The Smith family takes a trip to San Francisco, which includes antics in a Chinatown restaurant. Attending a horse show with attractive riding teacher Lillian Saunders (Lombard), Mr. Smith decides to purchase one of the cute Shetland ponies bred by her as a present for daughter Bubbles, without telling her or Mrs. Smith (big mistake!). Saunders, who accompanies the Smiths’ back home by ship, has named the pony after herself, causing plenty of complications when Mrs. Smith overhears her husband talking to “Lillian” in his stateroom. At the same time, Mr. Smith must keep the pony’s presence a secret from a suspicious ship’s purser. All in all, SMITH’S PONY is a delightful demonstration of how the Smith Family series could derive big laughs from a succession of funny situations without resorting to broad slapstick.

SMITH’S COOK was unique in that the three series leads—McKee, Hiatt and Jackson—took a back seat to a trio of guest supporters: Polly Moran, Johnny Burke and Vernon Dent. After leaving Sennett for Fox Sunshine in 1918, Moran had worked for other short producers and freelanced in features. Shortly after SMITH’S COOK, she would sign a contract with M-G-M that would lead to a second career resurgence in key supporting roles, including a memorable series with Marie Dressler. In SMITH’S COOK, she plays the title character (yes, the same family previously evicted by landlords could now afford a culinary servant). Moran’s plans to wed Burke are thwarted by former flame Vernon Dent, a motorcycle cop who still carries a torch for Polly. Moran, Dent and Burke all give pleasing performances (the latter in what would be one of his best for Sennett) in this warm-hearted romp.

SMITH’S COUSIN, filmed in February 1927, opens shockingly with a physically violent argument between Mr. and Mrs. Smith over his sobriety. When little Bubbles sees them in this state, her bangs blow up into the air. However, it turns out that her parents are rehearsing a scene for a society vaudeville show in which they are participating. Then Cousin Egbert Hicks (Irving Bacon) arrives as a guest, sees them arguing (unaware it’s a rehearsal) and hits Mr. Smith over the head with a vase. Cousin Egbert, who soon proves quite annoying to Mr. Smith, operates a medicine show with a pack of trained dogs. After entertaining a group of society fops with his act, including a variation of the gag from DOLLARS AND SENSE of putting a dog in a sausage machine and getting links (then pulling the “dogs” out of someone’s coat), Egbert is invited to join the Smith’s charity event. Needless to say, the night of the vaudeville program turns into a shambles, with society matrons scared by mice while dogs deposit bones in their laps. One portion of the show features recreations of various famous statues, with Mr. Smith as the Tinker and Mary Ann (in skull cap) as “Psyche at the Well.” When a fly climbs up her leg and tickles her, she drops the $5000 Egyptian vase she is holding.

After the “entrepreneurial” entry, SMITH’S MODISTE SHOP, the series yielded SMITH’S ARMY LIFE, which presented the unlikely idea that a family could make a vacation out of the father’s enlistment in a civilian military camp. To meet regulations, Mr. Smith must pretend to be unmarried, which makes the “single” Mrs. Smith an object of attention for flirtatious Colonel Vernon Dent to Mr. Smith’s silent chagrin. Goulding apparently left Sennett just before production of this film concluded (he would soon be back), and Earle Rodney and writer Felix Adler performed uncredited completion work.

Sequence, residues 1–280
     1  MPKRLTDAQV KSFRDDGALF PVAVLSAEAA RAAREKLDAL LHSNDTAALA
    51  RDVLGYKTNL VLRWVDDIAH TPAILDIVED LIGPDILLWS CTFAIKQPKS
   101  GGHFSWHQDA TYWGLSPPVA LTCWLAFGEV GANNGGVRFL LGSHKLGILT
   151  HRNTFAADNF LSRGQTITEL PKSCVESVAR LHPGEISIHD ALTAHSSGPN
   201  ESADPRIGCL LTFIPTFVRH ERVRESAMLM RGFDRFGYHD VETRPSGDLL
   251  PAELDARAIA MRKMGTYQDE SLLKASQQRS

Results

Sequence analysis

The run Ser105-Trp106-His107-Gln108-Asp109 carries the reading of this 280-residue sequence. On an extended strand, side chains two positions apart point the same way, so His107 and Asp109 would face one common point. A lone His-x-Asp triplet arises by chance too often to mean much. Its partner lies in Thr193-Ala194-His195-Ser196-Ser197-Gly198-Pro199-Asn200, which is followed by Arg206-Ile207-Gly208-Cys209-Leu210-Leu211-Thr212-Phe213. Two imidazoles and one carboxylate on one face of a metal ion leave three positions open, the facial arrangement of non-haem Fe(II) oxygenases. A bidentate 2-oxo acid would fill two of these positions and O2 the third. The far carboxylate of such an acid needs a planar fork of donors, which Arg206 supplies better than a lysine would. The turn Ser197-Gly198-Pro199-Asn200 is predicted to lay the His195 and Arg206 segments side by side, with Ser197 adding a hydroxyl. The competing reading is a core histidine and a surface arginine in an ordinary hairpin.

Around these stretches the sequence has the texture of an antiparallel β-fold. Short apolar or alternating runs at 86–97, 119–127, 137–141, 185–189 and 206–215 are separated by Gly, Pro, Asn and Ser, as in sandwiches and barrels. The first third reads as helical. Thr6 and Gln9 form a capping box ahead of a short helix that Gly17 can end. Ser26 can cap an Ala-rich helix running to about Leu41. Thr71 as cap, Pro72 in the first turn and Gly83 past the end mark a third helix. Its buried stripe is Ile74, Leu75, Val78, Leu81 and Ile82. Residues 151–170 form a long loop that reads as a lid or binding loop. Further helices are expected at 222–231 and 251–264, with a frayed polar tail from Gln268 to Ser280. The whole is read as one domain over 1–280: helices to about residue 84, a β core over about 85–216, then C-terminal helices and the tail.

Also replacing Goulding as director of SMITH’S FARM DAYS (shot in May and June of 1927) was Phil Whitman, known as “Slim” to his co-workers long before the yodeling western crooner by the same name. Whitman was a former newspaperman who had joined Keystone as a writer, but somehow found himself detouring into a career as a Sennett photographer in the late 1910’s. He went on to become a respected trick-effects cinematographer on several major 1920’s features, but soon returned to his original career as a scribe. Unfortunately, his life and career would be cut short by alcoholism. Though later works would show that Whitman was no equal to an Alf Goulding or Harry Edwards as a director, there was no noticeable dip in quality on his eight Smith Family entries, which also included SMITH’S RESTAURANT, SMITH’S CATALINA ROWBOAT RACE, BABY’S BIRTHDAY, THE CHICKEN and THE BARGAIN HUNT.

Throughout the course of the Smith Family series, several similar looking dogs were used as the family pet: after eight films, possibly due to a contract dispute with owner Joseph E. Simkins, Cap was replaced in SMITH’S NEW HOME by Omar, a dog owned by Sennett production manager Lonnie F. Dorsa. After another eight Smith entries, Omar was replaced by Balto, who appeared in about six films. Later dogs included Jiggs and Nero, whose only appearance was in THE BURGLAR.

THE BURGLAR (1928) begins, in moody lighting, on the living room stairway. Mr. Smith, wearing a black turtleneck and a floppy cap, manages to get locked out of his own house. He tries to break in through a window, just when Gas Pipe McGook (Otto Fries), the notorious burglar terrorizing the neighborhood, approaches the house. Mistaking Smith for a rival, McGook tells him he has “dibs” on the house. McGook “allows” Smith to rob the house with him, but keeps a gun on him. Smith has to go along. Smith tries to get Nero to sic the burglar, but the dog ends up shaking hands with the bandit and helpfully fetching the house valuables. Smith is forced to tie up his own wife, an act that is watched by little Bubbles from another room. Bubbles then stubs her toe, which expands and contracts in a gag stylistically borrowed from Del Lord. Bubbles and Magnolia, the maid’s daughter, try to shoot the burglars with a big shotgun, but can’t pull trigger. The family then surrounds Smith, thinking he’s gone crazy, but the burglar appears to hold a gun on everybody. Just then, the string tied shotgun of Bubbles and Magnolia goes off and sends the burglar out the window, landing in front of a cop. He pulls a pistol on the cop, but the Smith dog bites his hand.